White Prairie Clover
This low growing, often prostrate, plant has narrow leaves, and dense, cylindrical flower spikes at the end of the flowering stalks.
Wilkinson reports that prairie-clover was used by the Blackfoot. The leaves were bruised, steeped in water and applied to wounds, and were made into tea and potions to prevent disease. (121)
Growth habit and range: This herbaceous perennial plant shows an erect growth habit, and is common on dry sites in the southern half of the province. This plant grows to a height of 25–50 cm and it is multi-stemmed.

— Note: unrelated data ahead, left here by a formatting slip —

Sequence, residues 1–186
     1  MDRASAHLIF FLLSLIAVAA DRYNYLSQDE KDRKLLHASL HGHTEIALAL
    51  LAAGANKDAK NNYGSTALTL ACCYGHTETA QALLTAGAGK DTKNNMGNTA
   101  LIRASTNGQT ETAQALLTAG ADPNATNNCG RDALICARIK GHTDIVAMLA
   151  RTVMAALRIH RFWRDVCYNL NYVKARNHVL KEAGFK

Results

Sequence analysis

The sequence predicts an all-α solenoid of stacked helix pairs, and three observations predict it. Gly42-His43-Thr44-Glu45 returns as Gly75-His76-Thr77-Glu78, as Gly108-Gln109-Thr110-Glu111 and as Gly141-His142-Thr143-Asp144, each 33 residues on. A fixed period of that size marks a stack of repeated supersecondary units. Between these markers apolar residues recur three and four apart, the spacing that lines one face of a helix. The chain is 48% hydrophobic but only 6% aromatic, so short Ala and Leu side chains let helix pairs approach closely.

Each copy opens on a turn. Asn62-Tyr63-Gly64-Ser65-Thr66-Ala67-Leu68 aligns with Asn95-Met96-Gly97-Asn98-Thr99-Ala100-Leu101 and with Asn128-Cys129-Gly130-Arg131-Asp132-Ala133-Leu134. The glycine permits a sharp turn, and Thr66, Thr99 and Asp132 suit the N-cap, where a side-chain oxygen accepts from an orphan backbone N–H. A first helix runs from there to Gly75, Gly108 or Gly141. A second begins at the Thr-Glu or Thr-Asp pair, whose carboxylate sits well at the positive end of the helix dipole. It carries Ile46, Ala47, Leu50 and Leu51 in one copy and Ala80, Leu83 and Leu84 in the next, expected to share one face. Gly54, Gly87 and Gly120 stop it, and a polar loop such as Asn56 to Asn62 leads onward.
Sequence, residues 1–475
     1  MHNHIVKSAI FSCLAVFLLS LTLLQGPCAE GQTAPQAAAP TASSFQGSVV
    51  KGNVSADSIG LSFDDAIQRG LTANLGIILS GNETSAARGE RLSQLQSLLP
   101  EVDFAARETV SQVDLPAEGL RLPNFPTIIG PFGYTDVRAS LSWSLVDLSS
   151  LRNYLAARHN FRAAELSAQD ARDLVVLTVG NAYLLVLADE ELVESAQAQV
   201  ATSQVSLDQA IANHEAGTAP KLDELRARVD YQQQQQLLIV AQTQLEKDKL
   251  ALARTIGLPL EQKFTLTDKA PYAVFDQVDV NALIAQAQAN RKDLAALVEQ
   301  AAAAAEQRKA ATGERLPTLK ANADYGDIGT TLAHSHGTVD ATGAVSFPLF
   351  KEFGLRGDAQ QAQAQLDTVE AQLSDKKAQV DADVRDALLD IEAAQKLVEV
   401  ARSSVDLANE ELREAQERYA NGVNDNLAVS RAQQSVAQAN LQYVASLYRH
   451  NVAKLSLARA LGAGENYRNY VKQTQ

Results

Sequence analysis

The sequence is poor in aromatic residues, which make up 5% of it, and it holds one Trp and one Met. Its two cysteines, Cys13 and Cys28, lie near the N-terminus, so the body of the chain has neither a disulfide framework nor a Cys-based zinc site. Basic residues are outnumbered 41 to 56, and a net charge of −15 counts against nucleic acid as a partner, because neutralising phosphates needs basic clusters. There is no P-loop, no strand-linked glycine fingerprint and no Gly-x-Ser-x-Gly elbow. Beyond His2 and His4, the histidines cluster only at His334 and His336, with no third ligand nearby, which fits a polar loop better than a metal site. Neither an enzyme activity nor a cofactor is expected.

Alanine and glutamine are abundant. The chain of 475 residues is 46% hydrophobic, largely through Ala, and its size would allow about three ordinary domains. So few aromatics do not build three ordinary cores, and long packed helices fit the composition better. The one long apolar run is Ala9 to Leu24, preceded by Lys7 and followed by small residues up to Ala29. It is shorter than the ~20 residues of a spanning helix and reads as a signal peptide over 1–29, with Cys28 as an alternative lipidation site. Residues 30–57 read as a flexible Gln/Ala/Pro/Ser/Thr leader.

Description: The smooth leaves are grey-green in colour, pinnately compound and comprised of 5–9 linear to oblong, blunt leaflets, each measuring 5–15 mm in length. The flowers appear from June to August, and occur on the stem tips. The blossoms are clustered on a thick, cylindrical head measuring up to 5 cm in length. Flowering proceeds from the bottom of the head upward. Each white flower measures just 4–6 mm in length, and the protruding stamens are yellow. The fruit is a 3–4 mm long pod which contains one or two brown seeds.
Wilkinson, Kathleen. 1999. Wildflowers of Alberta: A Guide to Common Wildflowers and Other Herbaceous Plants. University of Alberta Press and Lone Pine Publishing, AB.